Published on February 9th, 2017 | by Joshua S Hill0
American Consumers Spending Less Than Ever On Energy
February 9th, 2017 by Joshua S Hill
A new report has revealed that American consumers spent less than 4% of their total annual household spending on energy in 2016 — heating, transport, and electricity — the smallest share ever recorded by the US Government.
The findings are part of the fifth edition of the Sustainable Energy in America Factbook, compiled by research firm Bloomberg New Energy Finance (BNEF) for the Business Council for Sustainable Energy (BCSE). Over the five years that the report has been compiled, the contributions of sustainable energy technologies to the transformation of the US energy sector have been significant, and included:
- The addition of 76 gigawatts (GW) of renewable energy generating capacity, and 39 GW of natural gas-fired capacity. Renewables (inclusive of large hydro) and natural gas now meet half of US power demand, up from only 38% in 2011.
- A 10% improvement in US energy productivity, meaning the US economy is using 10% less energy to power each unit of growth.
- A 4% drop in average retail electricity prices in real terms. In New York, Texas, and Florida, prices have fallen over 10% in that time.
- A 12% jump in total gas production, and a 79% surge in shale gas extraction since 2011.
- A 12% improvement in vehicle fuel economy, propelled by federal fuel efficiency standards.
The 2017 edition of the report contains figures relevant through to the end of 2016, and includes the headline revelation that US consumers spent less than 4% of their annual household spending on energy, thanks in part to the falling costs of gasoline, natural gas, and electricity, and the increase in energy efficiency measures.
“Two thousand sixteen marked yet another monumental year in the energy sector, as the transformation in how the US produces and consumes energy continued to play out,” the BNEF authors begin. “The rapid pace of renewable energy deployment accelerated, consumption and export of domestic natural gas hit record levels, and the economy grew more energy efficient than ever. In the face of all this change, Americans are enjoying lower energy bills, directing less of their household income to energy spending than at any other time on record.”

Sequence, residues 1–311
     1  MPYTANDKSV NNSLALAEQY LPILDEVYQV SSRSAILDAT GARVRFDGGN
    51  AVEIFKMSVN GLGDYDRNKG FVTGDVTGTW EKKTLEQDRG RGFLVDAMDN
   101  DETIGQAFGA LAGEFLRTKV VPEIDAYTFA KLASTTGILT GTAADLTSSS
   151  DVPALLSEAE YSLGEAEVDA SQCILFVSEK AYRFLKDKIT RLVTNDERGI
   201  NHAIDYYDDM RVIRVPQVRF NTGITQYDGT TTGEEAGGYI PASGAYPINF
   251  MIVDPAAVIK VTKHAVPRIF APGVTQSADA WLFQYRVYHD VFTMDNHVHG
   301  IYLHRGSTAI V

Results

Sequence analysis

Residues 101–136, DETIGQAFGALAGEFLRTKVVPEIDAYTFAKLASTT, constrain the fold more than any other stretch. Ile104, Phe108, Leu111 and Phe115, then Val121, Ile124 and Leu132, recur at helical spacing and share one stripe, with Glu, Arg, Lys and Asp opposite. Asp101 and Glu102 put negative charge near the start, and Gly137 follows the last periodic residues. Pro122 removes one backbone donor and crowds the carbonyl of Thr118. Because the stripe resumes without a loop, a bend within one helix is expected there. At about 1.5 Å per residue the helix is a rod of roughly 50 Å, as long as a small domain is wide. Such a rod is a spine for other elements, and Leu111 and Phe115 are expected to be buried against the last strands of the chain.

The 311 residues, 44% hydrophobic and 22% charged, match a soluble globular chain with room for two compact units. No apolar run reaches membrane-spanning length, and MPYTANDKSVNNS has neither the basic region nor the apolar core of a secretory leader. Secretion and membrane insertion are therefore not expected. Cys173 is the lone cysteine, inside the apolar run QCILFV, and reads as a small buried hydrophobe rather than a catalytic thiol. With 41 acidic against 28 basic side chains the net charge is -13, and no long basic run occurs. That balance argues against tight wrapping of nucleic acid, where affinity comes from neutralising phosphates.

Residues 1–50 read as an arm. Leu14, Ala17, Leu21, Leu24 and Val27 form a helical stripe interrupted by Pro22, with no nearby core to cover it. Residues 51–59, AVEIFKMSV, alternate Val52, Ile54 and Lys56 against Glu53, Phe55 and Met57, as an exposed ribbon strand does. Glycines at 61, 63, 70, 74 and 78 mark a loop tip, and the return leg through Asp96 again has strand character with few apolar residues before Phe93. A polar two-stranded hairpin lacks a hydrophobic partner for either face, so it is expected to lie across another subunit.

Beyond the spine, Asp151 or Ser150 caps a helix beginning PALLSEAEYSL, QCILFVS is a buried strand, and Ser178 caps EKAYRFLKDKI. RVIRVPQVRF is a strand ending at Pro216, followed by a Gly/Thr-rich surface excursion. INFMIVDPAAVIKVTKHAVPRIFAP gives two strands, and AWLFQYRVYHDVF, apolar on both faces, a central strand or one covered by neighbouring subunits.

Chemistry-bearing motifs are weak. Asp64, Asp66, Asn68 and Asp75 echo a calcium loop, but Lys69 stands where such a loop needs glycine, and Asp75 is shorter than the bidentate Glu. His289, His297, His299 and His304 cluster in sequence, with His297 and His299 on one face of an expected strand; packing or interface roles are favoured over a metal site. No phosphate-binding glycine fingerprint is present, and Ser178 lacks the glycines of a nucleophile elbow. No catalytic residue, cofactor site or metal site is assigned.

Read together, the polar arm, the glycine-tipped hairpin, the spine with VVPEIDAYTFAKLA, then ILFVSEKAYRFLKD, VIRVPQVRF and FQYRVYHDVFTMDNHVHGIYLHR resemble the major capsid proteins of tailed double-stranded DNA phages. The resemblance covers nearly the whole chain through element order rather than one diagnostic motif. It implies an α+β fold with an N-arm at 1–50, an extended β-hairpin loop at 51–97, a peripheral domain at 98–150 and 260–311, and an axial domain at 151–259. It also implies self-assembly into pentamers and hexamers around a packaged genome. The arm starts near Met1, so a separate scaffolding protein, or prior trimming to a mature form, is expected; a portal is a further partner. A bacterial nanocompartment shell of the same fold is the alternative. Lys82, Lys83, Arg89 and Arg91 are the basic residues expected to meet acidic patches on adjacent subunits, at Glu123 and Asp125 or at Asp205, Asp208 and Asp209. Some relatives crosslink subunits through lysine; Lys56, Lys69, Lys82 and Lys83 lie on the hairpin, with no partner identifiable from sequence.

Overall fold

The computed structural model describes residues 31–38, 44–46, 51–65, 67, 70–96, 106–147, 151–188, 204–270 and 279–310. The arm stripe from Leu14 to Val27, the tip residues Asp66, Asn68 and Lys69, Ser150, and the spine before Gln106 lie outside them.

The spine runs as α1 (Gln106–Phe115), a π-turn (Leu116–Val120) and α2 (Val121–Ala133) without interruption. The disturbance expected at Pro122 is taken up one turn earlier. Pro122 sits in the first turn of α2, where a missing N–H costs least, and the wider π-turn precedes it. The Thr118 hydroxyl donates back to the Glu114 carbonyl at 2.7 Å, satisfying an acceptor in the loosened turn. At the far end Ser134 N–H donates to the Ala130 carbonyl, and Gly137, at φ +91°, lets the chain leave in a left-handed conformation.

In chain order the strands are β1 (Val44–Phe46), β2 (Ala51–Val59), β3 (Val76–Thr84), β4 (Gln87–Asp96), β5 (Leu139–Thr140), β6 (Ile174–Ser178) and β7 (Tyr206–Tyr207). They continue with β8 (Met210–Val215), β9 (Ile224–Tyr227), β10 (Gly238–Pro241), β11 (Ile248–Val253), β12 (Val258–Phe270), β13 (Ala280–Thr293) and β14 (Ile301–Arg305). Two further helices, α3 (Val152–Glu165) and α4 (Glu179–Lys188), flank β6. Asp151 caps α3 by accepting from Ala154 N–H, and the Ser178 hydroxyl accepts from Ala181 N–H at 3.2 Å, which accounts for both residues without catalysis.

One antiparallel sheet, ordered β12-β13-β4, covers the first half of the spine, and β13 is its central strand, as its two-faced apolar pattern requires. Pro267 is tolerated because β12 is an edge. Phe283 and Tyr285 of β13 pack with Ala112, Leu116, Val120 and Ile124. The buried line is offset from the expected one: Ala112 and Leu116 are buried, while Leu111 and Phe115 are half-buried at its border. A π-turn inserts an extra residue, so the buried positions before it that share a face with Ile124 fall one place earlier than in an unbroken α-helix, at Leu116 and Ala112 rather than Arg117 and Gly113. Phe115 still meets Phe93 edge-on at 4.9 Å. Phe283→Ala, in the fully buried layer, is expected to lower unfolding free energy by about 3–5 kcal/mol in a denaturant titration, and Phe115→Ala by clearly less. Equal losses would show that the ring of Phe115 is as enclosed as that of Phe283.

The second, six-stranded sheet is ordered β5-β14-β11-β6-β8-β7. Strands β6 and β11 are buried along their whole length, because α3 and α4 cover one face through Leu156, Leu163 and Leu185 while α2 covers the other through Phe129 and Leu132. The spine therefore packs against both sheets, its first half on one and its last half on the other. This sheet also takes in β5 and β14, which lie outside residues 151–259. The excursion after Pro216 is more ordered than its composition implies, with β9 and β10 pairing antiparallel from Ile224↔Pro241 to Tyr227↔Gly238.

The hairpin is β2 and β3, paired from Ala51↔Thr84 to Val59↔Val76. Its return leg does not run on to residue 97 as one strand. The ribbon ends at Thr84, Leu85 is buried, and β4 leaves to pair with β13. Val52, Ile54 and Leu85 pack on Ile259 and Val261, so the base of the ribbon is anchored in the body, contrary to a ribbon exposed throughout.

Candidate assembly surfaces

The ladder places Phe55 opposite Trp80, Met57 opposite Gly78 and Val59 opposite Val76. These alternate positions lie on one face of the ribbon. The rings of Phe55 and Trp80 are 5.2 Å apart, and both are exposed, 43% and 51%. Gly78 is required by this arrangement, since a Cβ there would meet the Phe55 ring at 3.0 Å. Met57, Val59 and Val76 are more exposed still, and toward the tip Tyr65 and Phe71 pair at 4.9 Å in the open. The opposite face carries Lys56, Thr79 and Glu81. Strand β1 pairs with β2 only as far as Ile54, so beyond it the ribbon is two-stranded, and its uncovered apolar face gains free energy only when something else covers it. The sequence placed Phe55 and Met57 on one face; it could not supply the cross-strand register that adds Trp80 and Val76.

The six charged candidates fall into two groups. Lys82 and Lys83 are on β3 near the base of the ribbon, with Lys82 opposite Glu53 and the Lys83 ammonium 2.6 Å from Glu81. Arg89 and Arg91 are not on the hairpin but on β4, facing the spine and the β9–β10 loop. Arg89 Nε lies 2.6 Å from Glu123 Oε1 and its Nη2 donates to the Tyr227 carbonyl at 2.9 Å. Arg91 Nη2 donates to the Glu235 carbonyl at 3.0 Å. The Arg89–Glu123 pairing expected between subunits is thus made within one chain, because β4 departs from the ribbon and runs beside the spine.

Retail electricity prices fell across the United States by 2.2% in 2016, and consumers are now paying 4% less per kilowatt-hour for electricity than they were in 2007. This is an average, however — in New York, average retail prices of electricity are now 19% below 2007 levels, while in Texas average rates have fallen by 30%!
Retail natural gas prices also continue to decline, reaching record lows in 2016.
Meanwhile, the cost for developing wind and solar have fallen across the country. The capex cost of solar PV — the cost of constructing a project from beginning to finish — has fallen from $2.65 million per megawatt (MW) in 2011 to only $1.14 million/MW in 2016. Wind energy has also dropped, from $1.34 million/MW down to $1.12 million/MW over the same timeframe.
Energy efficiency efforts have also yielded significant results, especially in the power sector where the authors of the report predict that “energy efficiency measures appear to be making an impact on slowing load growth.” Electricity demand slipped 1.1% in 2016, while continuing further proof that there is a decoupling happening between energy and economic growth, America’s GDP increased by 1.6%. Electricity demand has now fallen 1.2% from its peak in 2014, while GDP over the same period has increased 4.2%.
“The contributions of sustainable energy to the country’s economic competitiveness are direct, dramatic and dynamic,” said Lisa Jacobson, President of the Business Council for Sustainable Energy. “The trend lines in the 2017 Factbook are clear: energy efficiency, natural gas and renewable energy are benefiting American consumers, American businesses and American manufacturers. And that adds up to one conclusion: clean energy wins for America.”
“The U.S. continues to use energy more efficiently and with lower CO2 emissions, while at the same time cutting consumer spending,” added Colleen Regan, Head of North America Power and Environmental Markets at BNEF. “2016 offered further proof that we can decarbonize and grow our economy, all without raising customer bills.”
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